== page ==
30.c. Right-sided aortic arch. The CXR (Fig. 6.9) shows a right-sided aortic arch with the aortic knob on the right side and absence of a left-sided aortic knob. A bovine aortic arch is an anatomic variant where the origin of the innominate artery and the left carotid artery arises from a common origin or the left carotid artery arises from the innominate artery. This variant occurs in approximately 13% of individuals and has no clinical significance. A cervical arch refers to the takeoff of the aortic branch vessels above the sternum into the soft tissues of the neck before turning downward to the descending aorta. It may present as a pulsatile mass in the neck or supraclavicular region and be associated with compressive symptoms and other vascular anomalies.

31.a. Tetralogy of Fallot. A right-sided aortic arch is most commonly associated with tetralogy of Fallot, particularly for the mirror image form. There are several types of right-sided aortic arch, but the mirror image and the non-mirror image variety are the most common. With the non-mirror image type, the order of branches from left to right are as follows: left carotid, right carotid, right subclavian, and left subclavian artery. The left (aberrant) subclavian artery arises from the descending aorta. The mirror image type is much more frequently associated with congenital anomalies than the non-mirror image type. Chest X-ray PA projection shows tracheal deviation to the left and round opacity on the right with absence of a distinct aortic knob on the left. This is most consistent with a right-sided arch (see Figure 6.9).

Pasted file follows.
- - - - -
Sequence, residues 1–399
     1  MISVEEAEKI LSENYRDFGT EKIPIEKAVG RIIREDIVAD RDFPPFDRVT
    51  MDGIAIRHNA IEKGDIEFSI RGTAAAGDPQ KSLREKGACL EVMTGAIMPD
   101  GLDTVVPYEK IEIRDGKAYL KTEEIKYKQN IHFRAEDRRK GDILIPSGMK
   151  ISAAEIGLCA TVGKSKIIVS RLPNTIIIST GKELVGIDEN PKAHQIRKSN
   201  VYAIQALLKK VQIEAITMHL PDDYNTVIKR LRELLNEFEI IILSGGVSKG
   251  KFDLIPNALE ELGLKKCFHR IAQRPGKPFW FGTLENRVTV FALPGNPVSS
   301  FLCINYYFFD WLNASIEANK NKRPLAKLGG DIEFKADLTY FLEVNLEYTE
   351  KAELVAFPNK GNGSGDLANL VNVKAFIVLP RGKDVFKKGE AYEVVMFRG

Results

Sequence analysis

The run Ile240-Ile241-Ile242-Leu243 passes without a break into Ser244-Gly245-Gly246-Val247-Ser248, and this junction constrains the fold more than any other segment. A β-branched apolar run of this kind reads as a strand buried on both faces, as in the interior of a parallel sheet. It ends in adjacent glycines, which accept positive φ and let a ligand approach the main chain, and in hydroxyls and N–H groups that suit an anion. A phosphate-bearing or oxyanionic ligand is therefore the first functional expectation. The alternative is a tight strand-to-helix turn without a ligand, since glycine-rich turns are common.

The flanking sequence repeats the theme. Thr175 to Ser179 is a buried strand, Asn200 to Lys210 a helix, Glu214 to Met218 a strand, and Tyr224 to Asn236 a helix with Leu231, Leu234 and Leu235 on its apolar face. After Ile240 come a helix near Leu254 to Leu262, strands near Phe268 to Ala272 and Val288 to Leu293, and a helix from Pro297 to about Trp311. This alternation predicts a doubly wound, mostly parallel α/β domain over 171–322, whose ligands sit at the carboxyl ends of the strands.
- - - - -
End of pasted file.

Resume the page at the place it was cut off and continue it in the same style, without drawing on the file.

32.a. Aberrant left subclavian artery and diverticulum of Kommerell. Aortic arch anomalies may result in dysphagia, stridor, or wheezing associated with vascular rings that compress the esophagus or trachea. With the non-mirror image right aortic arch, the left subclavian artery arises from the right side and crosses posterior to the esophagus and trachea. This causes a vascular ring that may cause compressive symptoms. Aberrant vessels such as the left subclavian artery may arise from an aneurysmal segment called a diverticulum of Kommerell. An aberrant right subclavian artery may be an isolated anomaly in a normal left-sided aortic arch and is the most common aortic arch abnormality. Although generally asymptomatic, it may also be associated with a vascular ring.

33.d. 24-Hour Holter monitoring. CTA or MRA of the aorta is required to assess postoperative complications of prior coarctation repair. Complications include recoarctation and aneurysms in the ascending aorta, aortic arch, or descending aorta in the region of the repair. In adults, a TTE does not adequately visualize the descending thoracic aorta, although gradients can be obtained to assess hemodynamic significance. Exercise-induced HTN may occur late after coarctation repair even among patients who are normotensive at rest and should be assessed for by exercise stress testing. TTE is important to assess the aortic valve and the possibility of a bicuspid valve, as well as associated structural abnormalities. Arrhythmias are an infrequent consequence of a corrected coarctation in an asymptomatic patient and therefore Holter monitoring is not necessary.